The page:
Gay Taxes Just Got Better

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Even more gay couples will now be able to enjoy the once strictly heterosexual joy of filing joint tax returns. The Treasury Department announced on Thursday that it will recognize legal marriages of gay couples, even if they're living in states that do not. When the Supreme Court struck down the Defense of Marriage Act, but did not say state bans on gay marriage are unconstitutional, it created several confusing legal questions. In the months since the ruling, the Obama administration has been resolving those questions, and in a way that's favorable to gay couples.

One question was what would happen to married gay troops in the military, which often forces troops to move, making it impossible for them to "vote with their feet" and only live in states that allow gay marriage. Earlier this month, the Pentagon announced that not only would it recognize troops' legal gay marriages, but it would give those living in states that ban gay marriage several days of leave to get married in states that allow it.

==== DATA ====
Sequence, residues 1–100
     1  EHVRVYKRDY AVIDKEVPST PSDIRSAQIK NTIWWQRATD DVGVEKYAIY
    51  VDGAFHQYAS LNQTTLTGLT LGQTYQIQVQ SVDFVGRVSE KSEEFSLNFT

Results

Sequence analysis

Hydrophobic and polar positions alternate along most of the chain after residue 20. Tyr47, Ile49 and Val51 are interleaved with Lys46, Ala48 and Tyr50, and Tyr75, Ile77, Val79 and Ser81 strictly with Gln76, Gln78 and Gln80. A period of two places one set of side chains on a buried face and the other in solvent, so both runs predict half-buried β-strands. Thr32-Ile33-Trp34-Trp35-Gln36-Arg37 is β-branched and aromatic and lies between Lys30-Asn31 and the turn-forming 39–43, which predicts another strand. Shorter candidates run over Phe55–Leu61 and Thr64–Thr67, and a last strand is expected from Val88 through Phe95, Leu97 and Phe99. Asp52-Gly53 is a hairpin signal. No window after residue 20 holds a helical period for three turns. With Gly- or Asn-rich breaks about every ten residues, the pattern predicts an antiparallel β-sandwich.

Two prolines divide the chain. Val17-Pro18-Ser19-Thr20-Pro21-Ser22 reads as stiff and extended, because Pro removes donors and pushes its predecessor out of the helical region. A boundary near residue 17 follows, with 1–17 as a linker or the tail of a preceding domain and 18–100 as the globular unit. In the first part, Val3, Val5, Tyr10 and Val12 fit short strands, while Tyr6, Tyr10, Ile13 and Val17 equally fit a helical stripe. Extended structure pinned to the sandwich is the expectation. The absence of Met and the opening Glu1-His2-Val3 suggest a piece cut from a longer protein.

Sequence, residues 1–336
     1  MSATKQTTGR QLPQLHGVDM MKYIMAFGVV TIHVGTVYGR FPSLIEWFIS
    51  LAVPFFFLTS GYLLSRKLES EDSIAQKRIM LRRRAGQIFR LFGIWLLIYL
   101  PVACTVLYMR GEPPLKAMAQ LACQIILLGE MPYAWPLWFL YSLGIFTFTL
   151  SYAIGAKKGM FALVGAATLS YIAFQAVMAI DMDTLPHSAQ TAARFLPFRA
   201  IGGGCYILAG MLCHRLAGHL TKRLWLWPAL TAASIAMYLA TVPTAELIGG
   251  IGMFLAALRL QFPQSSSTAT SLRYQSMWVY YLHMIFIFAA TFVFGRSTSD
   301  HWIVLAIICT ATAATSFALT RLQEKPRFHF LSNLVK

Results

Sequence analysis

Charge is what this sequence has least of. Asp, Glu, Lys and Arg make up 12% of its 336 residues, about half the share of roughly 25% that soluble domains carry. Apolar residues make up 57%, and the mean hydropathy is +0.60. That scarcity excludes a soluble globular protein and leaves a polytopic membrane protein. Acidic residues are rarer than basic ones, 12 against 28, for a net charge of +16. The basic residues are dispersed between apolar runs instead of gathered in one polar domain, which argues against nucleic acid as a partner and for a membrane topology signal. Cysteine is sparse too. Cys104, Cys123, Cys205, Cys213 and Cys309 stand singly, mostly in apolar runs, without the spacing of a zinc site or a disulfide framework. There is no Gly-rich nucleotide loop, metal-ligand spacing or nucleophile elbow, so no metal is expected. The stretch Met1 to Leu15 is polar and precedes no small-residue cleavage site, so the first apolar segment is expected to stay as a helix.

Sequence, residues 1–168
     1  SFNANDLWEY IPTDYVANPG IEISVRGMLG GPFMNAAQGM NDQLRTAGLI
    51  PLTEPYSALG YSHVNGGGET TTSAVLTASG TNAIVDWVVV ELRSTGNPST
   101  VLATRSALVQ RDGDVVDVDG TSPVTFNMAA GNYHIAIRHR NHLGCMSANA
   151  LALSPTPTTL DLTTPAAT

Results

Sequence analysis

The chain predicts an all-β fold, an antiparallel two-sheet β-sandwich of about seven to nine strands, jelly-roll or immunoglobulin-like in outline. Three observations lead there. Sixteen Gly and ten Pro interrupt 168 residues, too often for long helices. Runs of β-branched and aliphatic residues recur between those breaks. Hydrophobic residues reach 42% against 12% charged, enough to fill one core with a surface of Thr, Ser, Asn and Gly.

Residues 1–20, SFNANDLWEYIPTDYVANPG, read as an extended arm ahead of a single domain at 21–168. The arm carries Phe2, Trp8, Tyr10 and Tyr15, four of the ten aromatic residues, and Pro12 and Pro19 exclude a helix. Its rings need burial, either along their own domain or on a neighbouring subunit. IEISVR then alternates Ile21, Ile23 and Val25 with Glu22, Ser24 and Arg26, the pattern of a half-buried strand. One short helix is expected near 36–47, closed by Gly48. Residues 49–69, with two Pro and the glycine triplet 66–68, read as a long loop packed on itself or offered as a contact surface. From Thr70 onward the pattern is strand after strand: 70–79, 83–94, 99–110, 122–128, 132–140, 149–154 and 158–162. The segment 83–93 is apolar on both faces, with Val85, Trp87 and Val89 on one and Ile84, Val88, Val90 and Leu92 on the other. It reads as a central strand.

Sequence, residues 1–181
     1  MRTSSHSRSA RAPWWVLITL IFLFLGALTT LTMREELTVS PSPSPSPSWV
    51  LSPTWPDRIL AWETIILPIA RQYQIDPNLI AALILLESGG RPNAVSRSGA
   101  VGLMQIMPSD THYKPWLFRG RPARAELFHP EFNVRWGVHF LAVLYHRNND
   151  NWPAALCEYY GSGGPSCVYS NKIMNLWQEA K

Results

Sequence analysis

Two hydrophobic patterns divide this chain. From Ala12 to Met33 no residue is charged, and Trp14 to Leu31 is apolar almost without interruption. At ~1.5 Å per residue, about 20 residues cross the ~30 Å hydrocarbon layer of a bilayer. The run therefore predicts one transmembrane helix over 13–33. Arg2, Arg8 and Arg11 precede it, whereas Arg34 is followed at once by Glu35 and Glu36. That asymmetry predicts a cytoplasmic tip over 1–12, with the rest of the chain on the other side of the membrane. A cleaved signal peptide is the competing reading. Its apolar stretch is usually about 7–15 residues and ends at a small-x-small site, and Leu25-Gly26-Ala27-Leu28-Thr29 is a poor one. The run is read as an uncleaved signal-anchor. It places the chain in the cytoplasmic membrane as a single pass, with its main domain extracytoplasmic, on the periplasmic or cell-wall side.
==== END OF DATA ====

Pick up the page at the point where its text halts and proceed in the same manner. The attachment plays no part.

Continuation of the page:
A second question was: what would happen to gay couples who moved to states banning gay marriage? The Treasury Department answered that on Thursday: they'll be able to keep their federal benefits, no matter where they are. Treasury said in a statement:

The U.S. Department of the Treasury and the Internal Revenue Service (IRS) today ruled that same-sex couples, legally married in jurisdictions that recognize their marriages, will be treated as married for federal tax purposes. The ruling applies regardless of whether the couple lives in a jurisdiction that recognizes same-sex marriage or a jurisdiction that does not recognize same-sex marriage.

Treasury Secretary Jack Lew said affected couples could file for refunds for the years 2010, 2011, and 2012.

This article is from the archive of our partner The Wire.